90

TL;DR: No. The argument is basically that hoarding will make Bitcoins so valuable that nobody will be willing to offer people enough to part with them. Does that pass the giggle test? Another way of stating the argument is this, "If gold is $2,000/oz today but people think it will be $5,000/oz next year, nobody will trade any gold today." Again, think about ...


16

When developing Bitcoin, Satoshi had already come with the idea that no more than 21 million of them will ever be made. However, there was an unsolved issue: how to accomodate all bitcoins in case it was actually used as a worldwide currency? Comparing to the current (2008?) world's M1 supply, it was determined that 8 decimal places was enough to cover the ...


15

A single Bitcoin is currently divisible up to 8 decimal places (giving you 21*10^14 units of money, or about 2.1 quadrillion units), nothing stops it from being divided further with small protocol change. In order to change the limit of Bitcoins created, one needs to change the protocol and force most of the Bitcoin network to adopt the change, which can be ...


14

Bitcoin is really a little strange because it doesn't know if it is a currency or a commodity. And this is why this question has many answers and is a popular item of discussion. If Bitcoin were just a commodity, the thing to do is to hoard it. There are lots of commodities that are almost totally hoarded. For example: emeralds or works of art. Now if ...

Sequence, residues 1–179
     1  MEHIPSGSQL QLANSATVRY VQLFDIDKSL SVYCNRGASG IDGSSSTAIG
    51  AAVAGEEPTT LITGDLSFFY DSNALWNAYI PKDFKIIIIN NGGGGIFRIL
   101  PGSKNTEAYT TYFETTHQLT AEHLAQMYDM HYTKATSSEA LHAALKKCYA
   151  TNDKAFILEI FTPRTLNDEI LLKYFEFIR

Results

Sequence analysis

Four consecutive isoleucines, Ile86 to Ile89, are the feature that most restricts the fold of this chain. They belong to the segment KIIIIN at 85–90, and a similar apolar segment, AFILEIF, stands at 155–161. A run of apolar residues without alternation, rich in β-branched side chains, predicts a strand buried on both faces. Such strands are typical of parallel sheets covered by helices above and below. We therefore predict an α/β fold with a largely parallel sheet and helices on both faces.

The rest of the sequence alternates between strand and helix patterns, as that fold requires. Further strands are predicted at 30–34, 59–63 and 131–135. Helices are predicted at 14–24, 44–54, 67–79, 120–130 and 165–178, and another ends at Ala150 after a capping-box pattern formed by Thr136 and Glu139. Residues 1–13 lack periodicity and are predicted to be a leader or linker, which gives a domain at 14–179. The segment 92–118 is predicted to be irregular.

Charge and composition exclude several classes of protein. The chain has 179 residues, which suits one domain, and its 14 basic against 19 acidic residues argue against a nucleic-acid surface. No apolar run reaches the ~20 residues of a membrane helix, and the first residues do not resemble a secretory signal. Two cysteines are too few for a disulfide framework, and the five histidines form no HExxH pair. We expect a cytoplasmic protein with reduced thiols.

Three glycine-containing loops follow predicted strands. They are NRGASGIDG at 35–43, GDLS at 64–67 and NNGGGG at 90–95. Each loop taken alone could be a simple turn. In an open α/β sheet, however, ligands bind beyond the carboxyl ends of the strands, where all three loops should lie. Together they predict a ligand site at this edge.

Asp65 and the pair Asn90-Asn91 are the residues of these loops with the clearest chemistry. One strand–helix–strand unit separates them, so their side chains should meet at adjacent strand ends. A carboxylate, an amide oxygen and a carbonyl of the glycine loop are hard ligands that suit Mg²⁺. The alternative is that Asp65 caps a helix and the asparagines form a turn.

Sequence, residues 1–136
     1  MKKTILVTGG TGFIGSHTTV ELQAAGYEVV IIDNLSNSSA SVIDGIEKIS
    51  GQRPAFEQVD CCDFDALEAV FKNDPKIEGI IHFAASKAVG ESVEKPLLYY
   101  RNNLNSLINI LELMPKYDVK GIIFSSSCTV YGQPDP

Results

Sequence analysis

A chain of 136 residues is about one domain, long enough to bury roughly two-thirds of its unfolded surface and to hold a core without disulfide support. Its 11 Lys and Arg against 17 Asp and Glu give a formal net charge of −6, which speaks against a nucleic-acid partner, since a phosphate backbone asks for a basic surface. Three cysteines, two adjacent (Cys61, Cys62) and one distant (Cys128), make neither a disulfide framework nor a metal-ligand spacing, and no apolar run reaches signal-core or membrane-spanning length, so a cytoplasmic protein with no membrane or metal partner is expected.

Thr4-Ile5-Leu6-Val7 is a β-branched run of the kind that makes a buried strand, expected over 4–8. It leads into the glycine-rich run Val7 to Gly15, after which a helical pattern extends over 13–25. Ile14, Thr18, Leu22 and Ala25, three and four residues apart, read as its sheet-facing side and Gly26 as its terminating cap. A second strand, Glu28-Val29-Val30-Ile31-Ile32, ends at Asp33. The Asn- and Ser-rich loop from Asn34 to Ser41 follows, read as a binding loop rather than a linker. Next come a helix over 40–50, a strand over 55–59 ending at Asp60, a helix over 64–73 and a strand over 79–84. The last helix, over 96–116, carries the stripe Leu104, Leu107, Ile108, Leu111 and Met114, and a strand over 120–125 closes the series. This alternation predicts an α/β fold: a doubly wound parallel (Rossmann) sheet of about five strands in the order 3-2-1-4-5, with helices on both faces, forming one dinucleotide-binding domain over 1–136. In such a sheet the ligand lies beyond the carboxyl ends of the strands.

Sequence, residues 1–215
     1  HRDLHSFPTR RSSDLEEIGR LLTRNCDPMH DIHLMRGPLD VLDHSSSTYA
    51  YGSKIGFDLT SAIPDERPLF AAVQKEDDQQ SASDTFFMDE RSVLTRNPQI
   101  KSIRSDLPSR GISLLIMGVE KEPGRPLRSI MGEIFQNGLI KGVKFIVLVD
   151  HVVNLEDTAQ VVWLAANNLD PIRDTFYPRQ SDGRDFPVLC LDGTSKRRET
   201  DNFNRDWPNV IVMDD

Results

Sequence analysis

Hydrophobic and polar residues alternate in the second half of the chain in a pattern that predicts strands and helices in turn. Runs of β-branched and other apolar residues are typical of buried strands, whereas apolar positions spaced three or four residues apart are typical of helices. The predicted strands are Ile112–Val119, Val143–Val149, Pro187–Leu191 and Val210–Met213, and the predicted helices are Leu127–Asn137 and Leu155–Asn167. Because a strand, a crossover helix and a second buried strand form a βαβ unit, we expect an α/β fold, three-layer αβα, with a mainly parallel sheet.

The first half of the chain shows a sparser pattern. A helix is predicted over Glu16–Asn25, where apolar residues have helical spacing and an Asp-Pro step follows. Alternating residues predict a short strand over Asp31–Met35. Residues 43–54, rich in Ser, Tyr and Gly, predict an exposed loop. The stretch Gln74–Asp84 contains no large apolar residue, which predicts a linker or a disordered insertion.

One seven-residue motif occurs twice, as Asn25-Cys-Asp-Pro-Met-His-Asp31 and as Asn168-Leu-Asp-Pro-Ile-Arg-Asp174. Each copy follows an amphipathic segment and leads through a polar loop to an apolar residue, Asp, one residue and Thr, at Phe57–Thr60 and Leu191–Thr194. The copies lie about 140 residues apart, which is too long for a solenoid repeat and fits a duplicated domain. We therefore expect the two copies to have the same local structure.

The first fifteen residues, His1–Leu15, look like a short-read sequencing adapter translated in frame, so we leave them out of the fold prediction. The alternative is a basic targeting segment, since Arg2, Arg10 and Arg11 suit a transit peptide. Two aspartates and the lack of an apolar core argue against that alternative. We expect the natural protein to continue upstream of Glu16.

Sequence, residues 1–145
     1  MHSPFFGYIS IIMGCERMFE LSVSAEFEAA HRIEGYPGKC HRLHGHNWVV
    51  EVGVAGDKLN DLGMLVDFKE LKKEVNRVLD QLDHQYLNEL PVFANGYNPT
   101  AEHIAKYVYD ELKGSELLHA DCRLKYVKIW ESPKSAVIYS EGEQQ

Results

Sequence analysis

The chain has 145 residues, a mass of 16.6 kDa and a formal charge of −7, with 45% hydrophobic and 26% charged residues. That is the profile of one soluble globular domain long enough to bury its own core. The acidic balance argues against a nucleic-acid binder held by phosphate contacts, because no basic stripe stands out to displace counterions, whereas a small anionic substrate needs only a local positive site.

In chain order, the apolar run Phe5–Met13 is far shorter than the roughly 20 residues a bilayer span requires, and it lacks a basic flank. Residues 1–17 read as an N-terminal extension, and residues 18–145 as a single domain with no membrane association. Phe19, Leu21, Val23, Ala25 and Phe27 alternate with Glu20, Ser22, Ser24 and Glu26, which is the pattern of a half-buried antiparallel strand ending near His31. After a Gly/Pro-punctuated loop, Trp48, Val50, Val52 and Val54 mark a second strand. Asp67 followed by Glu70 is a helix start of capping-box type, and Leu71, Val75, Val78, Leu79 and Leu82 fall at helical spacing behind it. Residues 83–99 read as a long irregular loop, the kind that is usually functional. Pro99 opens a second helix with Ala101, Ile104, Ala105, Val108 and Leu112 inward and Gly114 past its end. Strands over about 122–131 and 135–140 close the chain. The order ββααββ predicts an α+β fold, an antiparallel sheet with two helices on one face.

14

Theoretically yes, but that moment is so far in the future it is likely that some other events such as new currency technology will surpass bitcoins. However, mining will not stop. Mining is the security backbone of bitcoin, and it will continue because it will still be profitable to mine. Miners will be paid fees from existing bitcoins with every ...


13

It depends entirely how much those alternate block-chains get utilized. In the recent examples of ixcoin and i0coin, a small portion of btc miners and users switched over, sold their stash and went right back to bitcoin. It's essentially a case of network effect - whichever block-chain has the most users will be the most attractive to new users, and those ...


13

I think you are confusing two things here: Block generation rate New bitcoins introduced per block Blocks will always be found at a rate of approximately one per 10 minute. The difficulty of finding a block adjusts itself according to how many people are trying. Simply said, if N people are mining (all with equal hashing power), they will each (on average)...


10

Mining is not just a way to ensure the initial distribution of bitcoins. It happens that coins have been distributed through mining, because it was easy and useful to do it this way, so this might be a bit misleading, but mining will remain essential even after all the bitcoins (~21MBTC) have been distributed. Mining has not been designed to distribute ...


10

Your question is equivalent to asking, "Does SHA256d have a trapdoor?" SHA256d is a well studied algorithm. It's believed not to have a trapdoor. If the creator of bitcoin has a way to break SHA256d, stealing all our bitcoins would be the least of our worries.


10

the protocol allows a miner when he creates a block to send himself 25 BTC which do not have a proper source (input). that's how those 25 BTC are created, they're bitcoins that come from nowhere.


10